At the end of the 2012 election cycle, then-Rep. Denny Rehberg (R) said his Montana political career was at an end. Losing to Sen. Jon Tester (D) by three points, 45-48 percent, even though Republican presidential nominee Mitt Romney was racking up a 55-42 percent Montana margin over President Obama, the six-term congressman and former lieutenant governor said he would not again seek political office.
Now, with Sen. Max Baucus (D) announcing that he will not run in 2014, Rehberg may be changing his tune. “As to what the future holds, ever since Max (Sen. Baucus) announced his retirement two days ago my phone has been ringing off the hook,” Rehberg said. “The encouragement I’ve been getting from Montanans to take a serious look at this race has been overwhelming. I owe it to them, and to all the folks who I’ve served over the years, to keep listening and see how things develop. I’m not ruling anything out at this point.”
The top potential candidate is former Democratic governor Brian Schweitzer. If he decides to run, with his high favorability ratings that have continued into his retirement, it will be very difficult for Republicans to beat him. Conversely, should Schweitzer not enter the race and Rehberg run for the Republicans, he would likely become the decided favorite and the GOP would be in strong conversion position.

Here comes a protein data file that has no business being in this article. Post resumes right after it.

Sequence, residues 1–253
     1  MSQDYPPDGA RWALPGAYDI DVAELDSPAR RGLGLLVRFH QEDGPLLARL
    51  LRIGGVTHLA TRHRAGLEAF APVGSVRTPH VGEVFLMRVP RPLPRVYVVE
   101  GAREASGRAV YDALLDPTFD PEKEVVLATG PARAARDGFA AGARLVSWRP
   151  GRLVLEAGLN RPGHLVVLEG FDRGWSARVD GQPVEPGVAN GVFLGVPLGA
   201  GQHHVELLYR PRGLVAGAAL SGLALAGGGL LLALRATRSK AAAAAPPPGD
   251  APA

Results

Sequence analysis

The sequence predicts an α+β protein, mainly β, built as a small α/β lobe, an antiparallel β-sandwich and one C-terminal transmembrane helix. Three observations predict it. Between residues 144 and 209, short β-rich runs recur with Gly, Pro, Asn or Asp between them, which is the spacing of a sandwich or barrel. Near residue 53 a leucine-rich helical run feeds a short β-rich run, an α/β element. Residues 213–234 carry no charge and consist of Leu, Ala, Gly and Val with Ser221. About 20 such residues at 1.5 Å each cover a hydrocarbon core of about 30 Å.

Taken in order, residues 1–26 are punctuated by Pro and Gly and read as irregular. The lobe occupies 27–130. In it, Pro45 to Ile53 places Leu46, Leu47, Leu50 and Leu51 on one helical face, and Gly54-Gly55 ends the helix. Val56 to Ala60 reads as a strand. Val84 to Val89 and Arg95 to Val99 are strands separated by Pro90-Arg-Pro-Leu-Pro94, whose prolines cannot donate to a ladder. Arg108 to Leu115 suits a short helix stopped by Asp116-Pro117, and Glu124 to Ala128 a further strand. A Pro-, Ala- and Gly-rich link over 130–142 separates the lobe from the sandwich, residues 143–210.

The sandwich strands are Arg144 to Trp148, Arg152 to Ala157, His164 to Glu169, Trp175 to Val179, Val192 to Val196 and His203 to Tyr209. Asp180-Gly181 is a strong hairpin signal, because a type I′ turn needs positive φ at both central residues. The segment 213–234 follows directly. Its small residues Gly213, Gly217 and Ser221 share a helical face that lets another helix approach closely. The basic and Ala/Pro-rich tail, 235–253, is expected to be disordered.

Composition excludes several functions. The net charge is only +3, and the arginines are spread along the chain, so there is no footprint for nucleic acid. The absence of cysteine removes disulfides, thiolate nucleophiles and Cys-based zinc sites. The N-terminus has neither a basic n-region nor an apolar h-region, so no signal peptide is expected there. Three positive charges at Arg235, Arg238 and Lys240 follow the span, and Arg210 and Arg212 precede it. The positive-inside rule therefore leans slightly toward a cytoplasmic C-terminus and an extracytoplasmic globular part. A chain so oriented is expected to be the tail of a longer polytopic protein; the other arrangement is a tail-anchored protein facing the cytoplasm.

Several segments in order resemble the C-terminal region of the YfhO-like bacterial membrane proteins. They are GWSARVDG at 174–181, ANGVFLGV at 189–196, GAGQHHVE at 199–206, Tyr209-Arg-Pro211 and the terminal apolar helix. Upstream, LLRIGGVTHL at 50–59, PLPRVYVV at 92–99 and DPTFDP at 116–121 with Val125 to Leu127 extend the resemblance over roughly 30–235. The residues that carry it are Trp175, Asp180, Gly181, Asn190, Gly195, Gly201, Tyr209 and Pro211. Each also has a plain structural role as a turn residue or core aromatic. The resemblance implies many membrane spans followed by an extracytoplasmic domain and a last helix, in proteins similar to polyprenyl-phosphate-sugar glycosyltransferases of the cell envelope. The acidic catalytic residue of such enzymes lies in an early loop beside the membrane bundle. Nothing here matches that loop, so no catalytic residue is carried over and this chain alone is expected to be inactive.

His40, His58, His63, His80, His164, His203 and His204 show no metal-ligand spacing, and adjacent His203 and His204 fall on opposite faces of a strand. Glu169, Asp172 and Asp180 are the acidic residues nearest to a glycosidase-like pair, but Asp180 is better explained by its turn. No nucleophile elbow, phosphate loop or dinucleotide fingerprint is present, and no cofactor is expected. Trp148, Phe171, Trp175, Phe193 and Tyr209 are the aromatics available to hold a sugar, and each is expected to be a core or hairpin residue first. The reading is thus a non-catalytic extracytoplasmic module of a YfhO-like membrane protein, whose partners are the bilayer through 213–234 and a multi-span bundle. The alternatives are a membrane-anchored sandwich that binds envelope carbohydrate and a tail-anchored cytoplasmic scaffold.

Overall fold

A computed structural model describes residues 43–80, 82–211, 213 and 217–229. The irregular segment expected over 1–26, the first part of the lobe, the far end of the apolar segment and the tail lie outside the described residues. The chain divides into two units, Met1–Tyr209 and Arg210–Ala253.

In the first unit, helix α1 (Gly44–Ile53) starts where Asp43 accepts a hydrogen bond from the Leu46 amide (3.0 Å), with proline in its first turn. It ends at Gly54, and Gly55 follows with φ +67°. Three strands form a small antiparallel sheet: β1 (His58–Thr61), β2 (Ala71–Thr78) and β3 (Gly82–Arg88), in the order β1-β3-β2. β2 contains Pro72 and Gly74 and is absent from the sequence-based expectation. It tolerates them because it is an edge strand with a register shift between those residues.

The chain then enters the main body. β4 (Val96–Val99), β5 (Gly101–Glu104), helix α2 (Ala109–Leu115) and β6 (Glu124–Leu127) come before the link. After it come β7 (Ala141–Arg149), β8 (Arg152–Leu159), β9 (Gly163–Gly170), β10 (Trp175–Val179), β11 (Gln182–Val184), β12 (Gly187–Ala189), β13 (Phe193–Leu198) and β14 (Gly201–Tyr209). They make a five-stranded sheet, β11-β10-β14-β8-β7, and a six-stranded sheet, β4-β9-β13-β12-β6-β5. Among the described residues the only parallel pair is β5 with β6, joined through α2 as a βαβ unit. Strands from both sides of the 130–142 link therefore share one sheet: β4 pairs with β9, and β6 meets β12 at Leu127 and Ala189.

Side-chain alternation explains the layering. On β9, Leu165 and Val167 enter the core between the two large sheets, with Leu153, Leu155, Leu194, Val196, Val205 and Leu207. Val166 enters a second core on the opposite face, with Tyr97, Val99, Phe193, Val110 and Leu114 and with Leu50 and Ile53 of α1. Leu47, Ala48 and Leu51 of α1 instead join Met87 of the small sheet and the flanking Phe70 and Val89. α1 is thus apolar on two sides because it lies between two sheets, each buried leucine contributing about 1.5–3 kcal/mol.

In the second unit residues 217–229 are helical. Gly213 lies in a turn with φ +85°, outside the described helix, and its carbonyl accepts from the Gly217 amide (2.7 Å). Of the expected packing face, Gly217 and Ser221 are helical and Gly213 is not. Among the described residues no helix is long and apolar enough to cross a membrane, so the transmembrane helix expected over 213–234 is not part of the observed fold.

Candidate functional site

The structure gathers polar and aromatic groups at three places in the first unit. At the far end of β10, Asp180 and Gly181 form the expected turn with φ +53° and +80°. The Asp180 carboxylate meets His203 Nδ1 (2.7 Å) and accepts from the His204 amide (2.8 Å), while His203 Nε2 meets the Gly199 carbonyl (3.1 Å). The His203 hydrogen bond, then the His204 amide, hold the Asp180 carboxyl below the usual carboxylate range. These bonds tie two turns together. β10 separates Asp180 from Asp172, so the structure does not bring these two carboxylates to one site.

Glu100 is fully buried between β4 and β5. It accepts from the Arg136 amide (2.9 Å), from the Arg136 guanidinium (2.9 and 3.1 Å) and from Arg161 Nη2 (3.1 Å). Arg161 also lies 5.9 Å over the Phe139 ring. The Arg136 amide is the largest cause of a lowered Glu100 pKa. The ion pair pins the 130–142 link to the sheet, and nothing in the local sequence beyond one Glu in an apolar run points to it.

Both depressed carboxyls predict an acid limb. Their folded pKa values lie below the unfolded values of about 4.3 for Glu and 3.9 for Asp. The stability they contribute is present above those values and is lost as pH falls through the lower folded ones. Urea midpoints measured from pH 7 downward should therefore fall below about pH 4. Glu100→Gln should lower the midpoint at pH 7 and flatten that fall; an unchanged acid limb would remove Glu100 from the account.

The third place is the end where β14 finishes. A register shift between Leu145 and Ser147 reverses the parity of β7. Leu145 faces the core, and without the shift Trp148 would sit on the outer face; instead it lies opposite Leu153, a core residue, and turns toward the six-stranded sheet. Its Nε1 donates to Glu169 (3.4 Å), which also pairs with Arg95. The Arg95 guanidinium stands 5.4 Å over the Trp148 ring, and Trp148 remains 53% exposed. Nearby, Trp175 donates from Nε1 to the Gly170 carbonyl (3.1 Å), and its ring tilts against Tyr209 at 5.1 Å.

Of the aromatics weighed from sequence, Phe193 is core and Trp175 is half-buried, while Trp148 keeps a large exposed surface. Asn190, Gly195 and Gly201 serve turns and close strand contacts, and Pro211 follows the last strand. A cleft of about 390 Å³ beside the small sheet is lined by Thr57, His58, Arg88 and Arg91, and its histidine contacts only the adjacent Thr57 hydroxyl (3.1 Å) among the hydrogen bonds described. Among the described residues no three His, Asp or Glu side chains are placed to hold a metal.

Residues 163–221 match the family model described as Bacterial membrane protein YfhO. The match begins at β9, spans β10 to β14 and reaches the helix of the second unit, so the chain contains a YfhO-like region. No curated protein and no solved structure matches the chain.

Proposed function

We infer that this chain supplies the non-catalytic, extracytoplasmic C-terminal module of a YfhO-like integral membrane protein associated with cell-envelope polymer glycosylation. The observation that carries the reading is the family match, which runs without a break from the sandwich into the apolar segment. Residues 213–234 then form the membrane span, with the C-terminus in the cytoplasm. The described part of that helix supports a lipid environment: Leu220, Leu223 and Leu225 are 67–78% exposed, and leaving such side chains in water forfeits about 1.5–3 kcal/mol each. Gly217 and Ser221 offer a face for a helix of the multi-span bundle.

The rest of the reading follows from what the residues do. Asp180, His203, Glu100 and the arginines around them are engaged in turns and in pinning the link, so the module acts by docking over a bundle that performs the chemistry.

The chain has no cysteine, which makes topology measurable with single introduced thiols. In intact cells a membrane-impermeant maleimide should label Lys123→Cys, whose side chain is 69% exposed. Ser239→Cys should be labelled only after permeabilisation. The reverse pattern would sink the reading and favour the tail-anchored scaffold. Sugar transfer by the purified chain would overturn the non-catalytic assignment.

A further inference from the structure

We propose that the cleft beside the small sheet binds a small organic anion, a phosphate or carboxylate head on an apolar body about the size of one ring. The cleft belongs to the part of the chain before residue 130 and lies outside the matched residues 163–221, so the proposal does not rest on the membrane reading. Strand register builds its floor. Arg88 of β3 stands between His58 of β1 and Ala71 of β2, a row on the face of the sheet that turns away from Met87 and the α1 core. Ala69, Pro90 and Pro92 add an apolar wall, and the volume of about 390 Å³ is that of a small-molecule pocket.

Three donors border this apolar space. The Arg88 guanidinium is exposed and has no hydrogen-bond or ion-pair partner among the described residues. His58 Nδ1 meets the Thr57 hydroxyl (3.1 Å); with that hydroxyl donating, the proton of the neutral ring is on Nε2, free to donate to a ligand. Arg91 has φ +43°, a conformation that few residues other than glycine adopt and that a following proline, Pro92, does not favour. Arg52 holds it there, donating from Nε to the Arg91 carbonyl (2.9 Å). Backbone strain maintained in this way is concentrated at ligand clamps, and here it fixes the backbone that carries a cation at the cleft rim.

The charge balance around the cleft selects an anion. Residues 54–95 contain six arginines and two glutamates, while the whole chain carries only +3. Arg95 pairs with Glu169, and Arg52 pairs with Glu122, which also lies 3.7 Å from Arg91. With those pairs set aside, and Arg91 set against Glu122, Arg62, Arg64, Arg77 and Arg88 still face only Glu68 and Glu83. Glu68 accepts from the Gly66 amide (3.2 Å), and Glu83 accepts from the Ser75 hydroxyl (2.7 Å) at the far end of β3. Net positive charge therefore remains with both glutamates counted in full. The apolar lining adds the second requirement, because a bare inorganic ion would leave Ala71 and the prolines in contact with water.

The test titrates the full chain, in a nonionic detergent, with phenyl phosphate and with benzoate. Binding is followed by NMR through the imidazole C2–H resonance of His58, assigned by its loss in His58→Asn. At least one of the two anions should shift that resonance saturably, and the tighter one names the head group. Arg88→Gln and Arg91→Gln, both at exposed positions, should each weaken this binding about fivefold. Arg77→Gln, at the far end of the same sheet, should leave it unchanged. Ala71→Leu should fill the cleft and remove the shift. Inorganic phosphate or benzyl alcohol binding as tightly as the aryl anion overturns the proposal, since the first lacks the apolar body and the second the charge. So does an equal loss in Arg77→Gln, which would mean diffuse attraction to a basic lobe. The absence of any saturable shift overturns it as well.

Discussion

The Baucus retirement has clearly changed the outlook for the Montana Senate race. Until the candidates identify themselves, however, this race will remain in a state of flux.
Schock, Pingree Say No
Two US House members who have been mentioned as potential gubernatorial candidates in their respective states each publicly removed themselves from further talk about a 2014 statewide campaign. Republican Aaron Schock (R-IL-18) and Democrat Chellie Pingree (D-ME-1) both confirmed that they will seek re-election to their current positions.
Schock would have had a difficult road, as any Republican does, in heavily Democratic Illinois. Gov. Pat Quinn (D) has poor job approval ratings and is clearly vulnerable, but he is more than likely to face his most difficult challenge in the Democratic primary particularly if Attorney General Lisa Madigan (D) decides to challenge him as most now believe she will.
Rep. Pingree is in a much different situation. While Maine is typically more receptive to Democrats than Republicans and incumbent Gov. Paul LePage (R) is susceptible to defeat, another three-way campaign again casts the Democratic gubernatorial prospects under a cloud of uncertainty.
In 2010, LePage was elected in a three-way campaign, as he defeated Independent Eliot Cutler and Democrat Libby Mitchell. LePage placed first, but with only 38 percent of the vote as Cutler placed a close second. With the Independent candidate already announcing that he will seek a re-match, and former governor John Baldacci not denying that he may again become a candidate and Rep. Mike Michaud (D-ME-2) also actively considering running, a Pingree gubernatorial campaign had high potential to become lost in the shuffle. Such was evident to her, and one key reason that she will remain in the House.